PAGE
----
Timely Computing and Learning over Communication Networks

This page is dedicated for updates on the NSF funded project ‘‘Collaborative Research: CNS Core: Timely Computing and Learning over Communication Networks’’.


UNC Charlotte

  • PI: Ahmed Arafa (PI), Assistant Professor, Department of ECE, UNC Charlotte

  • Graduate Research Assistant: Abdulmoneam Ali

Penn State University

  • PI: Jing Yang, Associate Professor, School of EECS, PSU

  • Graduate Research Assistants: Songtao Feng, Renpu Liu

Award Information

This project is supported by the National Science Foundation (NSF) under Grants CNS 2114537 and CNS 2114542 from 10-1-22 until 09-30-24 (estimated). Awarded amount is $249,929.00 (Charlotte part) and $250,000.00 (Penn State part).

Summary of Project Goals and Outcomes

Due to the large volume of datasets and the stringent communication requirements by modern applications, the exchange of data for learning and computing purposes needs to be done in a timely manner. This project introduces the notion of age of information (AoI), used to assess timeliness in networks, into the study of federated learning (FL), with the aim of providing low-latency and communication-efficient means for data exchange in large-scale FL systems. The proposal focuses on designing novel client scheduling, information quantization and client-server association methods to enable timely FL over wireless communication networks. This research is expected to result in significant broader impacts rendering large-scale deployment of real-time monitoring and information sharing systems using FL. It can potentially impact various applications, including collaborative autonomous driving, precision healthcare, and others. The algorithms, analysis, and experimentation developed will advance the state of the art in communication theory, networking, and machine learning, and would naturally translate into undergraduate and graduate courses taught by the PIs in these areas.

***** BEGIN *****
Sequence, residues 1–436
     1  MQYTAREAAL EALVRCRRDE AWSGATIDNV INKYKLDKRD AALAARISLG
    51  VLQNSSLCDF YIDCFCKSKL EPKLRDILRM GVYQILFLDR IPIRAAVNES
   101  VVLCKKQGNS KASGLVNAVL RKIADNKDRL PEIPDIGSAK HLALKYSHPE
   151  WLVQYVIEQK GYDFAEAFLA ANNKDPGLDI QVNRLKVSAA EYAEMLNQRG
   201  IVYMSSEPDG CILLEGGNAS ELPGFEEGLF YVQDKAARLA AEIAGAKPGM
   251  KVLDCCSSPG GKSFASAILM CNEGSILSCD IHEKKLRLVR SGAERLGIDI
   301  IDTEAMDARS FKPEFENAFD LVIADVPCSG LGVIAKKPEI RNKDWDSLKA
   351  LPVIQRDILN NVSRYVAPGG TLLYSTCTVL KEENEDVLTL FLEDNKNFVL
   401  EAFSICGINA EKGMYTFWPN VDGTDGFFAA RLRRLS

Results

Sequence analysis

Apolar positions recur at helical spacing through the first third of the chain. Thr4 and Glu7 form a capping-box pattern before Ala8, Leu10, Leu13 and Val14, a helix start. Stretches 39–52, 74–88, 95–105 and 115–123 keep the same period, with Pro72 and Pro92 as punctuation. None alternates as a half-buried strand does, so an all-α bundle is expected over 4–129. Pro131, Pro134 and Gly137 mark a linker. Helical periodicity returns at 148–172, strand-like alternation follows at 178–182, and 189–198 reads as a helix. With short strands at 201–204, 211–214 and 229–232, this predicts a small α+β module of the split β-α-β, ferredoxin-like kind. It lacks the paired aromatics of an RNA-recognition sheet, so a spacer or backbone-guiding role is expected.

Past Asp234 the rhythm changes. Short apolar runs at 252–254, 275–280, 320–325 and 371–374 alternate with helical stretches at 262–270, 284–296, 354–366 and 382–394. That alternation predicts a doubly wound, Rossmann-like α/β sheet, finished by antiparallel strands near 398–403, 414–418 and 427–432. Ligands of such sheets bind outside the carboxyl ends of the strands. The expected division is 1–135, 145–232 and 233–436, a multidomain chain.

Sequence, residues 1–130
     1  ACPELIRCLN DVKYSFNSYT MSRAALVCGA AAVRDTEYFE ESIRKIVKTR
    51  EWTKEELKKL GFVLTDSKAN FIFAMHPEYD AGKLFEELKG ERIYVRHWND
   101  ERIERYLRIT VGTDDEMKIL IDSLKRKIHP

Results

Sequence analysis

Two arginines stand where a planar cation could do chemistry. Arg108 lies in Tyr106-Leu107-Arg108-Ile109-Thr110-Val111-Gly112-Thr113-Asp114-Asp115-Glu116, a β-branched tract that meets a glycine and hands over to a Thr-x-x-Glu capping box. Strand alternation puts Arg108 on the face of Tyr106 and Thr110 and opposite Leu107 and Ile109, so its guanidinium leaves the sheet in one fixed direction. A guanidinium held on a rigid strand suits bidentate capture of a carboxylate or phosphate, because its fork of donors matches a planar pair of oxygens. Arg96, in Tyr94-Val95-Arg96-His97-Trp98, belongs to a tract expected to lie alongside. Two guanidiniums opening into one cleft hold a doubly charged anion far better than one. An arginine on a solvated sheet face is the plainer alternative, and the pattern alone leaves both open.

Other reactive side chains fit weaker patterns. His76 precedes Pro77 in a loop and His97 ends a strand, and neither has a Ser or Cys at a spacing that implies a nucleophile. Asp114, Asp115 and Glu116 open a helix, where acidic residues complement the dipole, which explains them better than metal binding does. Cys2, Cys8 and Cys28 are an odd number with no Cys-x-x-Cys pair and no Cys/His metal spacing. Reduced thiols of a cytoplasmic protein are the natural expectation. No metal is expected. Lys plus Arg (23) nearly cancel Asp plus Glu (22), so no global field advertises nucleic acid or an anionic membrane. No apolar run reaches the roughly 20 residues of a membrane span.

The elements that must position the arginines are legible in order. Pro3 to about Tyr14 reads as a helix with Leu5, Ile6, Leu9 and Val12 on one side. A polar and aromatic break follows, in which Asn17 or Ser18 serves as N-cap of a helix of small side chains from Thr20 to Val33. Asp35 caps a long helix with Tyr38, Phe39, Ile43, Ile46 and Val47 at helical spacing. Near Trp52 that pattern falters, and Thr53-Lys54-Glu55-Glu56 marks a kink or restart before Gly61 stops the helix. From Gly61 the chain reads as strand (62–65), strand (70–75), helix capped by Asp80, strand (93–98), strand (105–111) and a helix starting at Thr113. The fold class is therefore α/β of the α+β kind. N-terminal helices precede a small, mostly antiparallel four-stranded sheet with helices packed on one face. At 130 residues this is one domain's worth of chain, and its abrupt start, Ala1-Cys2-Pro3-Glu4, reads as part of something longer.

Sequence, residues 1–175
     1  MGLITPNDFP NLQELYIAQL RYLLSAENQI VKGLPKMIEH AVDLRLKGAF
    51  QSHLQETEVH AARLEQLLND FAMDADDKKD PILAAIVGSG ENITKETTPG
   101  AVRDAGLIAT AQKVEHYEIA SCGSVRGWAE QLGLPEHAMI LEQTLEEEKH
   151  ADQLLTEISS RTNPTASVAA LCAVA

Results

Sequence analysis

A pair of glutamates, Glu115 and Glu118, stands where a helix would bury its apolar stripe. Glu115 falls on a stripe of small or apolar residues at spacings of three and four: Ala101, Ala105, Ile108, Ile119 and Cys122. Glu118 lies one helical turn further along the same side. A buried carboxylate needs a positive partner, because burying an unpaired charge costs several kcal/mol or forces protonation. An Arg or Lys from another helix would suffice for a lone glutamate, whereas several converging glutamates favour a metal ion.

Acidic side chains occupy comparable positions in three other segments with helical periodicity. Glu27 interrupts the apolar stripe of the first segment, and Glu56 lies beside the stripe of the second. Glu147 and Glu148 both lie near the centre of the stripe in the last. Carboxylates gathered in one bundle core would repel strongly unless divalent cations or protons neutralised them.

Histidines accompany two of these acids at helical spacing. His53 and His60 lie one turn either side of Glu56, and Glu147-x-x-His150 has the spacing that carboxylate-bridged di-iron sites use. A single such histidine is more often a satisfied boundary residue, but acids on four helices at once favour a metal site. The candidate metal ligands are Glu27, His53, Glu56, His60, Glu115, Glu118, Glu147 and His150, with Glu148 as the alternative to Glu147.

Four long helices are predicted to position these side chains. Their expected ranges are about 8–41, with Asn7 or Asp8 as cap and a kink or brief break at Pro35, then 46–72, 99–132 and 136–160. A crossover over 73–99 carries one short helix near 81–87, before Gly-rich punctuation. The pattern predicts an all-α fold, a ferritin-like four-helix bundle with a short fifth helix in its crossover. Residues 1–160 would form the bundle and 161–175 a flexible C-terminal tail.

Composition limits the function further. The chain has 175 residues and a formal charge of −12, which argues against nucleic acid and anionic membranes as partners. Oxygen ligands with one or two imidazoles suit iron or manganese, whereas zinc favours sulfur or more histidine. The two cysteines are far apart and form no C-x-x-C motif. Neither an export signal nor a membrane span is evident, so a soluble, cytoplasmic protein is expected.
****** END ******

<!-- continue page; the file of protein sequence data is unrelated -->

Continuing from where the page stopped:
The goal of this project is to design and analyze efficient agent scheduling policies and communication schemes that realize the notion of timely FL over communication networks imposing various system level constraints. It includes three principal thrusts. The first thrust focuses on developing various timely and low-latency agent scheduling policies, inspired by the AoI metric, and analyzing their convergence performances. To further improve the communication efficiency, the second thrust investigates novel joint model compression and scheduling approaches to enhance the communication efficiency over unreliable networks while maintaining reasonable FL performance. To cope with the dynamically evolving communication environment, the third thrust develops online learning based agent grouping and model aggregation approaches to enable timely hierarchical FL, where multiple servers are connected together through a hierarchical multihop network. Finally, a thorough validation of the developed algorithms will be performed using real-world datasets and a lab testbed.

This award reflects NSF's statutory mission and has been deemed worthy of support through evaluation using the Foundation's intellectual merit and broader impacts review criteria.

Selected Publications

  1. Hierarchical Federated Learning in Delay Sensitive Communication Networks
    A. Ali and A. Arafa
    Asilomar Conference on Signals, Systems, and Computers, Pacific Grove, California, October 2022.

  2. Timely Multi-Process Estimation with Erasures (arXiv)
    K. Banawan, A. Arafa, and K. G. Seddik
    Asilomar Conference on Signals, Systems, and Computers, Pacific Grove, California, October 2022.

  3. Precoding and Scheduling for AoI Minimization in MIMO Broadcast Channels
    S. Feng and J. Yang
    IEEE Trans. on Information Theory, vol. 68, no. 8, pp. 5185 - 5202, August 2022.

  4. On Federated Learning with Energy Harvesting Clients
    C. Shen, J. Yang and J. Xu
    IEEE International Conference on Acoustics, Speech and Signal Processing (ICASSP), Singapore, May 2022. (Invited paper)

Broader Impacts

PI Yang co-organized an EECS girls camp themed ‘‘design your own reality’’ at Penn State in summer 2022. The summer camp is one-week long, and attracted about 20 middle school students, where the majority of the participants were female or from other under-represented groups. The summer camp greatly increased the interests of the participants in CS and EE.


This project is supported in part by the U.S. NSF under grants CNS 2114537 and CNS 2114542. Any opinions, findings, and conclusions or recommendations expressed in this material are those of the author(s) and do not necessarily reflect the views of the NSF.